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The Dart: Couple offers two lifetimes of learning

NATCHEZ — Two lifetimes of educating and coaching local young people were just behind the door at the house of Coach Cleveland and Earnestine Watts when The Dart landed on West Stiers Lane Saturday.

The Watts couple has both worked in the education system in Natchez and Ferriday for decades as math teachers, and Cleveland Watts as a high school football and junior high basketball coach.

Ernestine Watts said she taught across the hall from her husband at Ferriday Junior High School for 10 or 12 years. The couple also taught simultaneously at Natchez High School for three years.

“Working together was good because if a lesson wasn’t going over well with students, we could collaborate and come up with a better lesson plan,” Ernestine said.

Ernestine still teaches seventh-grade math at FJHS, and Cleveland now volunteers his time as a tutor at New Beginnings Missionary Baptist Church, where he serves as a deacon.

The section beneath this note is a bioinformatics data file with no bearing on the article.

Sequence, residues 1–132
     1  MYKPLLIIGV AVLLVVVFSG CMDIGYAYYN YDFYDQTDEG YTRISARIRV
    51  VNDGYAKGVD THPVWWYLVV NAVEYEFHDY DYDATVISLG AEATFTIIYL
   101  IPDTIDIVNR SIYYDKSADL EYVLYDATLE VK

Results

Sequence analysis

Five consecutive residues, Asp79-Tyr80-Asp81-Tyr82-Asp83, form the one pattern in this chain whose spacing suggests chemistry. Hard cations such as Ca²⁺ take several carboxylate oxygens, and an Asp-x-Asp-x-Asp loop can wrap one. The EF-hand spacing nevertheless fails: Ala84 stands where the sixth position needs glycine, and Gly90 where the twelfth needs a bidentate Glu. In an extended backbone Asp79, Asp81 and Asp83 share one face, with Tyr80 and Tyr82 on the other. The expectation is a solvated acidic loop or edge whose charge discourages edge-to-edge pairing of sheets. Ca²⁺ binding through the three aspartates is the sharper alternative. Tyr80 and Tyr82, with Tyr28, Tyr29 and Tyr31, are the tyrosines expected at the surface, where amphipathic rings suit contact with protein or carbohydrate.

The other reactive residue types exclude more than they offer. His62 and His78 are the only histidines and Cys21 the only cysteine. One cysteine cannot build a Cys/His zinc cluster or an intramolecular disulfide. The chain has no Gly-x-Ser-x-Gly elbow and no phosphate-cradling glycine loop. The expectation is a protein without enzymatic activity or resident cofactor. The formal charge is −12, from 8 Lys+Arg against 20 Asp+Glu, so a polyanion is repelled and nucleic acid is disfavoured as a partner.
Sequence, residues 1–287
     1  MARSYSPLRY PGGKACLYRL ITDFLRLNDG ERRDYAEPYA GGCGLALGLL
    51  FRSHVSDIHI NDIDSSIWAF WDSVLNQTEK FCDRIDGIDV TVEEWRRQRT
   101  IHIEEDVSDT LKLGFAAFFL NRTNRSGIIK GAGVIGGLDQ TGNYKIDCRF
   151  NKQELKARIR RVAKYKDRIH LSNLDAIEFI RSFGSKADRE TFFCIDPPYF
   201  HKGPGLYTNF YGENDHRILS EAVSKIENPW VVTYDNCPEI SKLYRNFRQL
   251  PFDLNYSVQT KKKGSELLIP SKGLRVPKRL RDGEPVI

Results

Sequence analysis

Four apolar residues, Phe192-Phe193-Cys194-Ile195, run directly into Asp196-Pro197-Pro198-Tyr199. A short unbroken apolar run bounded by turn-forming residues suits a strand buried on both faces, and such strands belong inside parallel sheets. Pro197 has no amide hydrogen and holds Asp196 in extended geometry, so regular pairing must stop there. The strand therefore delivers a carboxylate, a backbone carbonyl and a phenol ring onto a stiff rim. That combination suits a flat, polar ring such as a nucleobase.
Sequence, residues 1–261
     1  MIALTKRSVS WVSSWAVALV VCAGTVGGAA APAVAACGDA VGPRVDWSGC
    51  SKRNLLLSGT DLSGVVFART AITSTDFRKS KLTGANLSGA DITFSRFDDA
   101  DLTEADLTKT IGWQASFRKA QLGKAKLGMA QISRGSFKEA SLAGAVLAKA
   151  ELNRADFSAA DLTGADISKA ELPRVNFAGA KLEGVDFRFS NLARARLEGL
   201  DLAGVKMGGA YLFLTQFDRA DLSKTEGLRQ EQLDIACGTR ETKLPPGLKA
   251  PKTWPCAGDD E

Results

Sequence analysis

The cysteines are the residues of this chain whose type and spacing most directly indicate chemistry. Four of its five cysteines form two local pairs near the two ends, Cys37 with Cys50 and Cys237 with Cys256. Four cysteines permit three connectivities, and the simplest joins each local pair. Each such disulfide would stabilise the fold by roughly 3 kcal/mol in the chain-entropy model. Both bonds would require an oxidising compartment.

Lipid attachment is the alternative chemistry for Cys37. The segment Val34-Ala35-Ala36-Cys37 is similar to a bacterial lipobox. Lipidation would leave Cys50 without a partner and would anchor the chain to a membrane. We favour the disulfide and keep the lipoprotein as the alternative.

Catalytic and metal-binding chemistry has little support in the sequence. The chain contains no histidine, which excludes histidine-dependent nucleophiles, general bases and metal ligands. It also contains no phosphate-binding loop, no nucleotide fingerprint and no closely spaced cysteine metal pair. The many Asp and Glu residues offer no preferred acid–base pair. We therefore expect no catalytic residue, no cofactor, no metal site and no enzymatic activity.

Both teachers agreed that junior high-age students are a special group.

“The students are not grown up, but they are also not children,” Ernestine said. “They are trying to find themselves.”

“You never know what children at that age are going to do,” Cleveland said. “You have to have an even temperament, so when a child makes a mistake, you can talk about the mistake without discouraging the child.”

Photos of basketball teams adorn the walls at the Watts’ home. Cleveland coached football at Natchez High School and basketball at Robert Lewis Middle School and Ferriday Junior High School.

Coaching and educating youngsters were one in the same for Cleveland, whose teams have brought home district titles for two and three years back-to-back.

“I wanted to instill in them the concepts of hard work, good attitudes and to be your best at all times,” Cleveland said. “We worked on self-confidence a lot, but mostly how to lose and still win. If the team did their best, and they lost, they were still successful. We would go back and work on our mistakes.

“But if you won, and walked off the floor with a bad attitude and didn’t learn, you still lost.”

Ernestine said she was inspired to be an educator by her mother’s sister, who was a teacher. Cleveland said his father taught farm mechanics back home in Rolling Fork, but he was inspired to teach and coach by his own football coach.

One of the Watts’ children has perpetuated the family legacy of education, as vice president of college services at Lakeview Community College in San Antonio.

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